Dallas’ Transition into International Art Scene

Dallas is quickly evolving into one of the top major U.S. cities that serves as a hub for international artists and collectors alike.


Dallas is now home to some of the most famous art collections in the world. Individuals who have played a key role in putting Dallas on the international art scene include Howard Rachofsky, Deedie and Rusty Rose, and Marguerite Hoffman.


Howard Rachofsky is someone who’s had a significant impact in elevating Dallas’ art and cultural presence.


Over the past 40 years, Rachofsky has built an impressive collection of artwork – accumulating about 800 pieces that span several movements.


For years, when Dallas art patrons were keeping their impressive works hidden in their grand estates, Rachofsky decided to completely change the rules by bringing residents into his home to view his artwork, according to an interview he did with Artsy.

As part of Dallas’ massive growth in the art community, the Dallas Art Fair is now entrenched in the Dallas community and will be welcoming its 11th annual art show in April.

Later on, he established The Warehouse, which opened in 2012.


While Dallas art collection has grown significantly over the past few years, so have the number of galas and events honoring the fine art community.


In the 1980s when he first began collecting artwork, he went from buying famous brand-name pieces from artists like Picasso, Matisse, and Degas – to working with an art dealer in NYC to collect art from contemporary galleries.


In 1999, Rachofsky invited some of the town’s wealthiest patrons into his home for a charity auction called Two by Two.


The first charity raised $100,000 and since then, has been a success in raising $75 million for The Foundation for AIDS Research (amFAR) and the Dallas Museum of Art (DMA).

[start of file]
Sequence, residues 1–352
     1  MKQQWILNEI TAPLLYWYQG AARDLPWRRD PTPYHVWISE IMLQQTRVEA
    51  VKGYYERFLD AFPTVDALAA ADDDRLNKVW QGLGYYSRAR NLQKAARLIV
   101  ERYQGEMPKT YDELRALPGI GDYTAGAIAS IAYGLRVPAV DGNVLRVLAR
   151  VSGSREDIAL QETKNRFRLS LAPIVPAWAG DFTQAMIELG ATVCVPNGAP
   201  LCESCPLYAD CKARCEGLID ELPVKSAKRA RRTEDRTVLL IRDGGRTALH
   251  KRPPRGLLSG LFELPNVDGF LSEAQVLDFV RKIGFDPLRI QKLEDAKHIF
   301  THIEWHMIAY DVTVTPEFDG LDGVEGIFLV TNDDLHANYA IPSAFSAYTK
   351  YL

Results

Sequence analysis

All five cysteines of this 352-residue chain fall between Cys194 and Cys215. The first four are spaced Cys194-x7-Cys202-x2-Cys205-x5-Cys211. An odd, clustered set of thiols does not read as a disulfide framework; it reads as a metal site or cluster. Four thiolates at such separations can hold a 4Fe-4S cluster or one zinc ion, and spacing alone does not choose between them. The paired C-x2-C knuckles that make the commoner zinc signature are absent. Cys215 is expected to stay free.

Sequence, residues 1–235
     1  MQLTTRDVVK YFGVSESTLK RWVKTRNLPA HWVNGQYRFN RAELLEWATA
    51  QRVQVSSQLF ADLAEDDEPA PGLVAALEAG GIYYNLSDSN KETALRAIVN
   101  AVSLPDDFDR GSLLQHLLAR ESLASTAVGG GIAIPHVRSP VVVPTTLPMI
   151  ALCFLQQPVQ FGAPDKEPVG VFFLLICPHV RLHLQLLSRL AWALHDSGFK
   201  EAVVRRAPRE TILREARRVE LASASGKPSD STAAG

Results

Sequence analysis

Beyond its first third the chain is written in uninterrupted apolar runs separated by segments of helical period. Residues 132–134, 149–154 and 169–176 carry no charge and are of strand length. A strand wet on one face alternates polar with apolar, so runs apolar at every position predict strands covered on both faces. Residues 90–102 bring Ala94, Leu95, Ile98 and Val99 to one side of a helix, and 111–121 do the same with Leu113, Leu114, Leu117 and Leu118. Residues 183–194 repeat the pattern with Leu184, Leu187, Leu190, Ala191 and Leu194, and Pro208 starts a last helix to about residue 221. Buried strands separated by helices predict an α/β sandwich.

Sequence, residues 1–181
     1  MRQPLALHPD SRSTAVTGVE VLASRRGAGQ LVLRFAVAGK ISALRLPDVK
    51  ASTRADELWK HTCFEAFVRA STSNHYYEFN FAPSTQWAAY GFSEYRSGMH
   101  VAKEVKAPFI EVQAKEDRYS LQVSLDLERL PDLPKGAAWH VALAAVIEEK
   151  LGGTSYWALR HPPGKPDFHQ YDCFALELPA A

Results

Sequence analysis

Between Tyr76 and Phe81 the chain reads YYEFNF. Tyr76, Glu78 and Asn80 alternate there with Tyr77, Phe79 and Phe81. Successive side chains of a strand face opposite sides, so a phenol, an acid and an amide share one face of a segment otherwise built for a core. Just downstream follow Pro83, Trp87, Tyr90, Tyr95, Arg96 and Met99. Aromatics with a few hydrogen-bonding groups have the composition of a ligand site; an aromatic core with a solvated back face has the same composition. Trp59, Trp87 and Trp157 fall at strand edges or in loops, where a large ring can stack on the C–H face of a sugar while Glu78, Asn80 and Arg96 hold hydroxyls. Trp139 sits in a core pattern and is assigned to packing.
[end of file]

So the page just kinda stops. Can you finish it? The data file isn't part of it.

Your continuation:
It’s also credited with turning several Dallas residents into full-fledged patrons of the arts.


As part of Dallas’ massive growth in the art community, the Dallas Art Fair is now entrenched in the Dallas community and will be welcoming its 11th annual art show in April.

D Magazine reports that “a large number of top-notch museums and exhibition venues and active, ultra-affluent collectors have put Dallas on the international art map.”


While the number of art collectors grows, experts emphasize “what’s missing is the community of local artists and dealers that would help make Dallas a truly global art powerhouse.”


“Dallas is one of the largest and most sophisticated collector markets in the world, and most people do not even realize it,” says Scott A. Barnes. CEO, founder, and chairman of ArtBanc, a local firm that offers global collection management and sales services.


John Runyan, a respected post-war art adviser says the difference is tangible. He says, “The best gauge for me is when you go to Art Basel and they are talking about Dallas.”


Fort Worth is experiencing a creative boom led by DIY spaces like fwblackhouse, Art Tooth, Latino Hustle, Art Luck, and Mananaland.


These art gallery spaces are only a few out of over thirty new spaces that have opened across the Dallas Fort Worth area.


With each year, the audience response is better with an influx of galleries and international artists and companies bringing their work into Dallas.


A few major institutions that have opened include The Goss-Michael Foundation, The Power-Station, Dallas Contemporary, and the Nasher Sculpture Center.


Two benefit galas that have had continuous success year over year are MTV Re: Define and the Dallas Museum of Art’s ART BALL.

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